This/That Conditionality

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Tommy M, modified 8 Years ago.

This/That Conditionality

Posts: 1199 Join Date: 11/12/10 Recent Posts
I was reading through the "Pali & Buddhist Terms" on accesstoinsight.org and found this little beauty from Thanissaro Bhikku:

http://www.accesstoinsight.org/lib/authors/thanissaro/refuge.html#ida:
This/That Conditionality

The most basic version of right view is simply the causal principle of feedback loops that the Buddha found in the process of developing skillful action. He called this principle "this/that conditionality" because it explains experience in terms that are immediately present to awareness — events that can be pointed to in the mind as "this" or "that" — rather than principles hidden from awareness. He expressed this principle in a simple-looking formula:
"(1) When this is, that is. (2) From the arising of this comes the arising of that. (3) When this isn't, that isn't. (4) From the stopping of this comes the stopping of that."

— A X.92

Of the many possible ways of interpreting this formula, only one does justice both to the way the formula is worded and to the complex, fluid manner in which specific examples of causal relationships are described in the texts. That way is to view the formula as the interplay of two causal principles: one diachronic, acting over time; and the other synchronic, acting in a single instant of time. The two principles combine to form a non-linear pattern. The diachronic principle — taking (2) and (4) as a pair — connects events over time; the synchronic principle — (1) and (3) — connects objects and events in the present moment. The two principles intersect, so that any given event is influenced by two sets of conditions: input from the past and input from the present.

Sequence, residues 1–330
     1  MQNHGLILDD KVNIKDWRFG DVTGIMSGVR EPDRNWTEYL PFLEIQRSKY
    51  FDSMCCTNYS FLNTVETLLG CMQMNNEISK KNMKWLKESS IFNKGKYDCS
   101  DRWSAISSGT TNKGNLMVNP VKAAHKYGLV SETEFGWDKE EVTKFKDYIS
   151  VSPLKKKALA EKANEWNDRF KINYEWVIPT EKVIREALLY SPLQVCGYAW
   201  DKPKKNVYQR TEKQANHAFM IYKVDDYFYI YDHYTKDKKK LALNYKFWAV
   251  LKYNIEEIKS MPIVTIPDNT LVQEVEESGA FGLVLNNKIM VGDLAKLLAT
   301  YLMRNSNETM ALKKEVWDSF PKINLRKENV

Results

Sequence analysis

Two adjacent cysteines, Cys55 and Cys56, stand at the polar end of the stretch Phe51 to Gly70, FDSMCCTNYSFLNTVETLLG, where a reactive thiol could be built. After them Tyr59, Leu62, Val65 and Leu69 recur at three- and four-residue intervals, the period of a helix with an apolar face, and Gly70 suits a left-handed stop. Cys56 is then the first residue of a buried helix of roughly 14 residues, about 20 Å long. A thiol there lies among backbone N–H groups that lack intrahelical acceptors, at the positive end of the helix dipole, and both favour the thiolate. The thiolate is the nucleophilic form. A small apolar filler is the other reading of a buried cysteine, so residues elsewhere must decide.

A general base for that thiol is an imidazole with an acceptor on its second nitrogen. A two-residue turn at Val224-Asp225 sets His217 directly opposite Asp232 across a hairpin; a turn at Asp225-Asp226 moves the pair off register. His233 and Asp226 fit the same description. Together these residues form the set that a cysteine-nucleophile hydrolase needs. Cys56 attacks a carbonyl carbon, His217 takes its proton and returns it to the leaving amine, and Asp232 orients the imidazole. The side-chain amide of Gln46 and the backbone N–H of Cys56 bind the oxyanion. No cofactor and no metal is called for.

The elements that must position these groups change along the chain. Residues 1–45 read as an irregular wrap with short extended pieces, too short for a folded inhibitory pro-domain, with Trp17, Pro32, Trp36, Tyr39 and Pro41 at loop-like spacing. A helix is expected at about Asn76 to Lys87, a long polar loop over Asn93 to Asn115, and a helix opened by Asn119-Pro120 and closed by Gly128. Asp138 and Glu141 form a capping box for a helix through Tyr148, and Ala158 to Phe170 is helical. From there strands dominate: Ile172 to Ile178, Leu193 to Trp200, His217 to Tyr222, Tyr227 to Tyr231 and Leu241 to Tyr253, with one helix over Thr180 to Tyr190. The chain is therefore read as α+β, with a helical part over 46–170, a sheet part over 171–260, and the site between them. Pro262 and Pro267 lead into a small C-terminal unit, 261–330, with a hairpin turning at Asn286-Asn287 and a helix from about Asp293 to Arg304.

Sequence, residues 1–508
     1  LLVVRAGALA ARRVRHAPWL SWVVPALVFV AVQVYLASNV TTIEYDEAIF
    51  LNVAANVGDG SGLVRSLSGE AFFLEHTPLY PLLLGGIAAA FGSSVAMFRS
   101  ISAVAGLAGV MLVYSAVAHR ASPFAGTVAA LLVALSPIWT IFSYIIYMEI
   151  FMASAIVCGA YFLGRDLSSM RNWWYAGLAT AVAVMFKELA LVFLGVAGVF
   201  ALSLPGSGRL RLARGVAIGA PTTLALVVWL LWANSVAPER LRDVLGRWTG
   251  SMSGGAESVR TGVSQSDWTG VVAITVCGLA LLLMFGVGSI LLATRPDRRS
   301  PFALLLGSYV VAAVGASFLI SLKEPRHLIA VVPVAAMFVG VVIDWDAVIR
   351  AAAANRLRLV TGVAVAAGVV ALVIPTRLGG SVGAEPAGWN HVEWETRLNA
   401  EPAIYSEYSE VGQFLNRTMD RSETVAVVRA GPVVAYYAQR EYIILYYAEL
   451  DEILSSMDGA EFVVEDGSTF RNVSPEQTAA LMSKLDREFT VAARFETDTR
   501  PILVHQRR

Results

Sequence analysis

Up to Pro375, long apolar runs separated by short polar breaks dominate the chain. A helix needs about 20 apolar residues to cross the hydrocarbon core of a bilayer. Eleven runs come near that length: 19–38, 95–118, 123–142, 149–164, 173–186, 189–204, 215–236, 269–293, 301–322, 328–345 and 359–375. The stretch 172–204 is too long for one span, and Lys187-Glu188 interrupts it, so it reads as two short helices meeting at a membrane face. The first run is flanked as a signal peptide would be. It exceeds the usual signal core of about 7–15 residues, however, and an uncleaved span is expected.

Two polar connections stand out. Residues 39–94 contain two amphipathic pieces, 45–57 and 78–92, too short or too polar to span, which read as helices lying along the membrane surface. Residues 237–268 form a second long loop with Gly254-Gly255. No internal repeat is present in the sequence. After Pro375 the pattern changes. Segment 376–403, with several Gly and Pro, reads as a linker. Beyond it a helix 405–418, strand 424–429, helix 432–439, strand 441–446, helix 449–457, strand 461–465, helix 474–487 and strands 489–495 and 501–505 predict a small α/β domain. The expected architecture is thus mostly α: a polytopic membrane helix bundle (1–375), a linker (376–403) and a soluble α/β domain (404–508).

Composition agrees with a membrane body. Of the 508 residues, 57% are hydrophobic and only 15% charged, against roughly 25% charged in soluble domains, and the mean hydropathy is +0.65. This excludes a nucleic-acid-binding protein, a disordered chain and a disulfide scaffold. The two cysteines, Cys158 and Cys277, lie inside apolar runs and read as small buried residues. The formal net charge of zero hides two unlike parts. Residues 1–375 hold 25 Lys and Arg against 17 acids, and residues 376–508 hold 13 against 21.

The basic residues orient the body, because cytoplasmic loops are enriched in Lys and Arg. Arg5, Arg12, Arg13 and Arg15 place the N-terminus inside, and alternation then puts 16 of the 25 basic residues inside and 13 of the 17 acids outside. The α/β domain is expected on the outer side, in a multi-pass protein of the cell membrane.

Although each principle seems simple, their interaction makes their consequences very complex. To begin with, every act has repercussions in the present moment together with reverberations extending into the future. Depending on the intensity of the act, these reverberations can last for a very short or a very long time. Thus every event takes place in a context determined by the combined effects of past events coming from a wide range in time, together with the effects of present acts. These effects can intensify one another, can coexist with little interaction, or can cancel one another out. Thus, even though it is possible to predict that a certain type of act will tend to give a certain type of result — for example, acting on anger will lead to pain — there is no way to predict when or where that result will make itself felt.

The complexity of the system is further enhanced by the fact that both causal principles meet at the mind. Through its views and intentions, the mind keeps both principles active. Through its sensory powers, it is affected by the results of the causes it has set in motion. This allows for the causal principles to feed back into themselves, as the mind reacts to the results of its own actions. These reactions can form positive feedback loops, intensifying the original input and its results, much like the howl in a speaker placed next to the microphone feeding into it. They can also create negative feedback loops, counteracting the original input, in the same way that a thermostat turns off a heater when the temperature in a room is too high, and turns it on again when it gets too low. Because the results of actions can be immediate, and the mind can react to them immediately, these feedback loops can sometimes quickly spin out of control; at other times, they may provide skillful checks on one's behavior. For example, a man may act out of anger, which gives him an immediate sense of dis-ease to which he may react with further anger, thus creating a snowballing effect. On the other hand, he may come to understand that the anger is causing his dis-ease, and so immediately attempt to stop it. However, there can also be times when the results of his past actions may obscure his present dis-ease, so that he doesn't immediately react to it at all. This means that, although there are general patterns relating habitual acts to their results, there is no set one-for-one, tit-for-tat, relationship between a particular action and its results. Instead, the results are determined by the entire context of the act, shaped by the actions that preceded or followed it, and by one's state of mind at the time of acting or experiencing the result.